August 11, 2017

Masterpiece Seniors’ Home Halfway Done

Originally written by Gillian Slade and published by Medicine Hat News
November 3, 2016

Seven months after a sod-turning ceremony, construction on the new seniors residence in Medicine Hat is at the halfway point.

“It is going really well. We are getting close to 50 per cent. There have been no hitches at all,” said Tim Garforth-Bles, president and CEO Masterpiece Care Corp.

The walls of Masterpiece Southland Meadows are expected to be completed in December, said Garforth-Bles, who credits the construction progress to the “great team” of people on site and “wonderful suppliers.”

On Tuesday, the concrete was poured for the main dining area, which will have a two-storey wall of glass overlooking the park and lake, said Darcy Stone, site project manager. A total of 30,000 feet of in-floor heating cables have been placed.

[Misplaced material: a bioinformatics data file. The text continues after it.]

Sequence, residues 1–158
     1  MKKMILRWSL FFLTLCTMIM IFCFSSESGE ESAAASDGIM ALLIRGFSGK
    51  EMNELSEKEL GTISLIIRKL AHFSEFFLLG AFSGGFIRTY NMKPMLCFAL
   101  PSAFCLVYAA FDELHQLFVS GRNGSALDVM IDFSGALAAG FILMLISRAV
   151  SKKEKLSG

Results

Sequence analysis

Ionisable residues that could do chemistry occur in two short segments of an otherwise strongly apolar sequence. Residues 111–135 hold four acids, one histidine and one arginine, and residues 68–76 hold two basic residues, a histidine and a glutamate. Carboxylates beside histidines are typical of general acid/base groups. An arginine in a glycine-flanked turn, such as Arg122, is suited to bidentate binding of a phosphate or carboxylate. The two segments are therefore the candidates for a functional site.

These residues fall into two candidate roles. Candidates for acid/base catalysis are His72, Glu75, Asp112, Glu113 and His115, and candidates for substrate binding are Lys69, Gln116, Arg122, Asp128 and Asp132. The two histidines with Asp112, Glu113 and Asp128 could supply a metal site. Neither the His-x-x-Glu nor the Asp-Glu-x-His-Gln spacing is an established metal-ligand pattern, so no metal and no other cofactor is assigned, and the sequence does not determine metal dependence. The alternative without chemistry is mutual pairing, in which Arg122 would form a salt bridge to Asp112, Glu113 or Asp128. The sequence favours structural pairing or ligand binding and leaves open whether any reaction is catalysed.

The seniors’ residence, 4401 Southlands Dr., has been designed to enjoy views of the lake, trails and the morning sun.

A walkout basement, because of the slope of the land toward the lake and direction of the sun, were defining elements in the design of the building, architect Alvin Reinhard Fritz, Architect Inc. of Lethbridge, has previously stated.

The project is on track to be complete in less than a year — September 2017.

“We will be able to market suites in January,” said Garforth-Bles.

There are about 60 people working on site at the moment and that will increase to 100 by February, said Stone.

The first phase of the project includes the centre and north wing totalling 151,000 square feet and 120 units. One-hundred units will be subsidized by Alberta Health Services for long-term care and dementia residents. There will be another 40 independent living spaces and a further 60 to be determined.

This project received a grant of $6.25 million from the provincial government under the Affordable Supportive Living Initiative program. The budget for the entire project is $40 million.

ASLI grants cover up to 50 per cent of capital costs for developing new spaces, with the remainder coming from the applicants. ASLI grant recipients are required to maintain the units for 30 years at government-established rates.

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